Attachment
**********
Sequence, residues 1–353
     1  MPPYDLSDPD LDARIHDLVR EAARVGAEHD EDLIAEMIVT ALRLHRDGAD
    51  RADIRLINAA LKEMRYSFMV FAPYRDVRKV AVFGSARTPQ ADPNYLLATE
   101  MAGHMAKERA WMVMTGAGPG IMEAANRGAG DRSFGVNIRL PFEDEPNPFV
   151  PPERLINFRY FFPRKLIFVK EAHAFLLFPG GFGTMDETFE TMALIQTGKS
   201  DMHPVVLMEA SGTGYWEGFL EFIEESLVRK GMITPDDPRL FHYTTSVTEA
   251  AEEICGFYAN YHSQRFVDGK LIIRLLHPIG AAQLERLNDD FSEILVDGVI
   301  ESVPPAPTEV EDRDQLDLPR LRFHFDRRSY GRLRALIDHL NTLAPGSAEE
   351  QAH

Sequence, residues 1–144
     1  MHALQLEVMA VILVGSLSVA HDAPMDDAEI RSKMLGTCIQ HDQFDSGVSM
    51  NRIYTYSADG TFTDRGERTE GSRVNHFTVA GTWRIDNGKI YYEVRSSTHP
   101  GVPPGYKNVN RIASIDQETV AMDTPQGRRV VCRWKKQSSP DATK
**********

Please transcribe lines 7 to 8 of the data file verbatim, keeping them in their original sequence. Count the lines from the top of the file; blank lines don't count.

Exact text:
   251  AEEICGFYAN YHSQRFVDGK LIIRLLHPIG AAQLERLNDD FSEILVDGVI
   301  ESVPPAPTEV EDRDQLDLPR LRFHFDRRSY GRLRALIDHL NTLAPGSAEE